Plants Cooksonia


Cooksonia caledonica
Cooksonia caledonica
late Ludlow and Pridoli of Wales,

Illustration © Francoise Gantet, 1997 - from Le Monde des Végétaux - Cooksonia caledonica (illustration) page

The earliest well-known plant, which flourished during the late Silurian and early Devonian is called Cooksonia. It is named after Isabel Cookson, who occupied herself with intensive collecting and describing plant fossils. The little plant was only a few centimeters in height and very simple in structure, in fact it is the most primitive known vascular land plant. It consists of a stem which bifurcated several times, and ended in small spheres (sporangia) in which the spores were formed. It is possible that horizontal growing stems, connected with the soil by root hairs, functioned as roots. It was nevertheless a true vascular plant, with tracheid-resembling internal conducting cells (revealed by fossil microstructure), and already equipped for life in an aerial, terrestrial environment

The earliest fossils of Cooksonia have been found in Middle Silurian Wenlock strata from Tipperary, Ireland. They consist of small bifurcations some centimeters in size. During the latest Silurian Cooksonia becomes more common, and by the early Devonian has been supplanted by other species of land-plants.

Cooksonia has been found widely across Euramerica (fossils are known from Wales, Scotland, Ireland, Czechoslovakia, Kazakhstan, New York, and Ontario) and Siberia, all of which seem to have part of a singly phytogeographical province or biome. Interestingly, the fauna of the northern hemisphere was very different from that of the possibly contemporary or later Barragwanathia fauna of Gondwanaland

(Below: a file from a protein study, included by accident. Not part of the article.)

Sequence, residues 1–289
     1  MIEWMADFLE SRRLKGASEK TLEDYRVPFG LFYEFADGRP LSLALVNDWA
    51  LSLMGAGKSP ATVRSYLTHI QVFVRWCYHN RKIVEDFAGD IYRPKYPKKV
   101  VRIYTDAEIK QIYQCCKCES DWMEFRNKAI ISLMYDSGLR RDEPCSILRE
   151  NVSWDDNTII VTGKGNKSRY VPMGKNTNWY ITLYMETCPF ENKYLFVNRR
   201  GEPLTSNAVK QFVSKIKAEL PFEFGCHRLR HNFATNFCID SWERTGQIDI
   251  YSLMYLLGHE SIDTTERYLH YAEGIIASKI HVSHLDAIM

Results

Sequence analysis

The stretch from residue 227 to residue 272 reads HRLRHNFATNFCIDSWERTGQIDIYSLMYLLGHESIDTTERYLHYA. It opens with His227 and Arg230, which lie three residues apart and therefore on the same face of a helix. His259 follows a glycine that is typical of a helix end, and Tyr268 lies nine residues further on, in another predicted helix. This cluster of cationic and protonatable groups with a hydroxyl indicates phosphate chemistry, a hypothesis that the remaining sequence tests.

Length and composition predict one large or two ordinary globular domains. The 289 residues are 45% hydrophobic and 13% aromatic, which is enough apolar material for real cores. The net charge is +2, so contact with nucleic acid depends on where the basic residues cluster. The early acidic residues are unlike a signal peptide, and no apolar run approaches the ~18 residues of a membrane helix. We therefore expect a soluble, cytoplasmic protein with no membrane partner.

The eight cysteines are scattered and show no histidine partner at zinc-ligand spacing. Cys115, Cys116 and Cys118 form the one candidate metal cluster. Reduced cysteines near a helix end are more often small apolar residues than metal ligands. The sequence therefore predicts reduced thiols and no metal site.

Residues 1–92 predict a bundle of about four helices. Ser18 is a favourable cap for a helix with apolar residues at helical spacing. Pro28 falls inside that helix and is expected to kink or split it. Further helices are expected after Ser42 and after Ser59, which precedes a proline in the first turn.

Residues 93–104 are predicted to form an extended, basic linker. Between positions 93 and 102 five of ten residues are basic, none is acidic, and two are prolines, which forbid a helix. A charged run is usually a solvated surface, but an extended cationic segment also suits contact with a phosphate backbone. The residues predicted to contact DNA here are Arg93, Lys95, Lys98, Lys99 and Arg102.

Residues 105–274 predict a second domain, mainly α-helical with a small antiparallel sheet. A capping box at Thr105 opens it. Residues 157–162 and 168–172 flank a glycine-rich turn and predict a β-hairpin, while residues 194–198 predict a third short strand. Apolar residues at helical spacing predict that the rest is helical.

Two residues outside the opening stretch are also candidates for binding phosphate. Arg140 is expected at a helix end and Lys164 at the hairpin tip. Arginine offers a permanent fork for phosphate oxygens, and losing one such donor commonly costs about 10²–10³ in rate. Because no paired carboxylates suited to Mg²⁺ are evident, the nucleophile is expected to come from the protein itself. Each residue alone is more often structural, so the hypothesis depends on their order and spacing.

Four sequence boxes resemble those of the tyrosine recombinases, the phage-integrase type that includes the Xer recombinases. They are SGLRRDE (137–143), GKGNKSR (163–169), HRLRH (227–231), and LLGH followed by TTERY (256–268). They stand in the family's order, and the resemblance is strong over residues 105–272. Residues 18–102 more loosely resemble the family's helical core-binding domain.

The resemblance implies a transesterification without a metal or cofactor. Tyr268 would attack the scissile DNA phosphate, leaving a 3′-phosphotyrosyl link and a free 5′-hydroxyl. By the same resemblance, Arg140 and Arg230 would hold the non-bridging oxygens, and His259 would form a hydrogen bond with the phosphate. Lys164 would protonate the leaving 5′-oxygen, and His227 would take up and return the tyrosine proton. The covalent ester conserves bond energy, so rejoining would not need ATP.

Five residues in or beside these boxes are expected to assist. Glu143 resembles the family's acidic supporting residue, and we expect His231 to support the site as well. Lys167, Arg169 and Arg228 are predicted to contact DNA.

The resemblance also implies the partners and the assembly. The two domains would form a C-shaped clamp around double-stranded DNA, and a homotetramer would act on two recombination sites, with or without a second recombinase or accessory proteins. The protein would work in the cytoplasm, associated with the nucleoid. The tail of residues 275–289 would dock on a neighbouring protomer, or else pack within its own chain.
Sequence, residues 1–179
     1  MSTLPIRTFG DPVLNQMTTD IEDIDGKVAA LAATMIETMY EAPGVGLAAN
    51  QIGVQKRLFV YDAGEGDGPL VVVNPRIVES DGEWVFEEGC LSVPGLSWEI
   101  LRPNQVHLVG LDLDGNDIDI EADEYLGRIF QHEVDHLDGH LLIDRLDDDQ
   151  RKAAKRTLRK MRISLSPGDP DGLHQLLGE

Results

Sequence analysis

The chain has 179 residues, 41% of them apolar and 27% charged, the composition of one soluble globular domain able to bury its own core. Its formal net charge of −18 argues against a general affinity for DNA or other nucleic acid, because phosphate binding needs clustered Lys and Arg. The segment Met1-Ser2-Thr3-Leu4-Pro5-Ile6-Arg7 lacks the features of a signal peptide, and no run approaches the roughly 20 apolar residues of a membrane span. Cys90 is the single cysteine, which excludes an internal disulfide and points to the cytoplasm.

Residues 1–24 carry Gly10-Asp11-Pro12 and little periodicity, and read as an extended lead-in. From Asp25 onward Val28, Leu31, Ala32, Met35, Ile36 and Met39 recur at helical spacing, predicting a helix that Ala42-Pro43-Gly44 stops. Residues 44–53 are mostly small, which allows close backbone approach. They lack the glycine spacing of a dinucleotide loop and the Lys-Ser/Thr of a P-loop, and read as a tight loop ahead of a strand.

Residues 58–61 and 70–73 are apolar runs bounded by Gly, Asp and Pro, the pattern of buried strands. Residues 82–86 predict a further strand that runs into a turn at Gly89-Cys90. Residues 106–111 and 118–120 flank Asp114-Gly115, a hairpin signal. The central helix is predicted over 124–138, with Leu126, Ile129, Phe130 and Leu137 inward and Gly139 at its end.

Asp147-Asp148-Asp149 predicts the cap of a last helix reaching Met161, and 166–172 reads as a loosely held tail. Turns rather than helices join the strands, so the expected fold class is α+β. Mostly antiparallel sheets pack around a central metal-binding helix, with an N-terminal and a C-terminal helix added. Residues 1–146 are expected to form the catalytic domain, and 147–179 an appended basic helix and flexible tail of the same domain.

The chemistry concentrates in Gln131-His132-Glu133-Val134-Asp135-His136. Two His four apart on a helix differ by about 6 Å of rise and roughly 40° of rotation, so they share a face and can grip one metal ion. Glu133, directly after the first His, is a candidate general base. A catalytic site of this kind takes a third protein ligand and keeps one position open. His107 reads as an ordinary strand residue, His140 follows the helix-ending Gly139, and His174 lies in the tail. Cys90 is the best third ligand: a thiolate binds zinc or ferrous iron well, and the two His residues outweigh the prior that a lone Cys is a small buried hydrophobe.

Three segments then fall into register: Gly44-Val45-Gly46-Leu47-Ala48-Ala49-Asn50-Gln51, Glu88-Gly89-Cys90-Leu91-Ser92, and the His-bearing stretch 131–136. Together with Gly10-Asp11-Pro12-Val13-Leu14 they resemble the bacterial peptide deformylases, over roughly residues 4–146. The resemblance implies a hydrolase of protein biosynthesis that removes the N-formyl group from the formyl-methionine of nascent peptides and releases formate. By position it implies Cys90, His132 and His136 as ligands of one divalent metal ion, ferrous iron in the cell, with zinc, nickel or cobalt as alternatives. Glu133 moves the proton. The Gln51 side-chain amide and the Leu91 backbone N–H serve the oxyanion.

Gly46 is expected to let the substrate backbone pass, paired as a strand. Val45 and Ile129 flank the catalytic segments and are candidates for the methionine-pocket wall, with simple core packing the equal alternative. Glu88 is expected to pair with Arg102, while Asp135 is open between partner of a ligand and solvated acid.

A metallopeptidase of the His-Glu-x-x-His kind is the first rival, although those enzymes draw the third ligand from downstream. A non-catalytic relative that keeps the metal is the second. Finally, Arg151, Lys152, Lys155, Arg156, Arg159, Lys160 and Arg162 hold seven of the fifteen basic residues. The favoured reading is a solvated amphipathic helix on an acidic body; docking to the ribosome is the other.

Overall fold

Four species are known - Cooksonia pertoni, C. caledonica, C. cambrensis, and C. hemisphaerica. These differ only in minor ways, chiefly in the form and structure of the spore-case, but already Cooksonia includes plants related to the lycophytes (Cooksonia cambrensis). This means that the genus Cooksonia is a paraphyletic grade rather than a monophyletic clade; a group of similar plants that are near to the major evolutionary branching that leads to the Lycophytes (more on grades vs clades). Organisms like Cooksonia give the lie to claims by Christian Creationists that no intermediate forms have ever been found in the fossil record.


Early Land Plants (1) includes some good info on Cooksonia

The Oldest land plants - includes material on Cooksonia

Cooksonia pertoni - photo of specimen

Cooksonia pertoni - photo showing sporangia

Early Land plants - includes material on Cooksonia

How plants conquered the land - includes info on Cooksonia

Megan's Research on the First Land Plants - this is quite cute and easy to follow

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page uploaded 28 March 2002,
last modified ATW090227
checked ATW051231
M. Alan Kazlev 2002
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